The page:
Dutch Water Line

WORK AT MAARSSEVEEN

Location: 52 8'46.72"N    5 3'49.89"E

Address:

Herenweg 3
3602 AM  Maarssen

This small fortress is called "Werk bij Maarsseveen", in English Work at Maarsseveen.

Small earth works, that did not have (earth) walls on all sides were not called fortress, but just a Work.

These were open at the opposite side of the enemy side, this was called a work with an open throat.

Most of them are protected gun positions and are also called Battery.

This work was built in 1880.
In that time more of these gun Batteries were made in the Dutch Water Line, however a bit different from this one.

This work has been restored very nicely.

However the bridge is new and does not resemble the original at all.

There was also a separate ground covered gun storage room built in 1886 on the work, as well as a long wooden work shed, built in 1881 that are on, or near most fortresses.

Both were demolished after the second world war, as well as the earth walls along the moat.

The work is symmetrical, with two stories and gun stores at each side.

The thick brick building is ground covered on the enemy side and on the flanks, as well as partly on both sides of this brick face. 

Here you see the the left wing of the building. On the right are the big doors of the gun storage room, that is later divided into two rooms.

On the first floor are the troop rooms and small gun storage rooms on each side.

On the left are two doors of toilets, one for the officers and one for the soldiers.

The work is now in use by a group of Scouts.

This is a gun storage room, now equipped as a cozy sitting room.

In wartime the work was equipped with 6 guns, that were rolled out of the gun storage rooms to prepared gun positions on the fortress earth walls.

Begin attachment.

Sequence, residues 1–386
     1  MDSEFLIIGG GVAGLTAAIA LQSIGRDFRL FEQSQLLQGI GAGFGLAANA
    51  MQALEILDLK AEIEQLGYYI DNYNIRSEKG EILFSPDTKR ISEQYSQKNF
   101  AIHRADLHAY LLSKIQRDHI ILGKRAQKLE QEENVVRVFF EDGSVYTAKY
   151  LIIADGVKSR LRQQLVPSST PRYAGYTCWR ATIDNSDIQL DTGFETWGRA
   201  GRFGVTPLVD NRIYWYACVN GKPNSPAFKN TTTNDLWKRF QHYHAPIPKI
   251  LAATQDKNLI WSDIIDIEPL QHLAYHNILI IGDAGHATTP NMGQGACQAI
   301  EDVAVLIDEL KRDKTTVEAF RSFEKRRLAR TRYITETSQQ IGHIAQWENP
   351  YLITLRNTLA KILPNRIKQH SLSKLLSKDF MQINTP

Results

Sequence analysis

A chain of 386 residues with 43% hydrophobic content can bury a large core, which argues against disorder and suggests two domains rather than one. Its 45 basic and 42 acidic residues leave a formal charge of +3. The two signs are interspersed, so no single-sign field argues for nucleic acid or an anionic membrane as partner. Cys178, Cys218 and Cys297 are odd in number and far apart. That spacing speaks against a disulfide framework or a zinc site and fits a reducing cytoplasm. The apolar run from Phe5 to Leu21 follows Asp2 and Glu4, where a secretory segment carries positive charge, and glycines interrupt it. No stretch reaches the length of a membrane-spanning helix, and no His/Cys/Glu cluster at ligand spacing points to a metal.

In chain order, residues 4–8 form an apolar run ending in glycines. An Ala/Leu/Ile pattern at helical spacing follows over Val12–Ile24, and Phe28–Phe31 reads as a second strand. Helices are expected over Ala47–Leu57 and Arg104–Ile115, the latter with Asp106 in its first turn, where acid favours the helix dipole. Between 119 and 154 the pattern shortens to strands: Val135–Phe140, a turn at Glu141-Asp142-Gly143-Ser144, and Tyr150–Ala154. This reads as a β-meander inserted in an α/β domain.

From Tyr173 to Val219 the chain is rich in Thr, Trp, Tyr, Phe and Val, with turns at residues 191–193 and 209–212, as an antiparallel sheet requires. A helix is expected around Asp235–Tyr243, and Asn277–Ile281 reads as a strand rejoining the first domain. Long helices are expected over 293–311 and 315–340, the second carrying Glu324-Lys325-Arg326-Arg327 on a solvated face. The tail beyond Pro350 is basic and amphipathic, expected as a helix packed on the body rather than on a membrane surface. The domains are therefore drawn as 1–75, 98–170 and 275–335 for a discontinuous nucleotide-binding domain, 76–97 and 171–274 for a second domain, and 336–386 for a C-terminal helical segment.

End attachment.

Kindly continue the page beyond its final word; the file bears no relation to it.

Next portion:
At the back is a corridor and gun powder storage room.
This is one of the troop rooms on the first floor.

In war time this work housed 82 men.

This is an example, of the purpose of the steel ring you see in the walls of the bigger rooms in all of the fortresses.
Here you see, what many hands and some paint can do with an old fortress.

It is a very nice clubhouse for the Scouts.

These works and batteries were built in the second building stage of brick so called "bomb free" buildings in the Dutch Water Line and they all have a name and yearstone in the main building.
The fortresses, works and batteries in the Dutch Water Line were part of a defense system.

In between the fortresses were smaller works, such as field gun positions, protected supply roads, entrenchments and later also machine gun nests.

For the soldiers, that were manning the line in between the fortresses, small concrete shelter bunkers were built in 1939. When they were under attack of artillery or airplanes, they could seek shelter in these bunkers.

The bunkers were connected with each other and the machine gun nests, by trenches.

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Last revised on 31-12-2013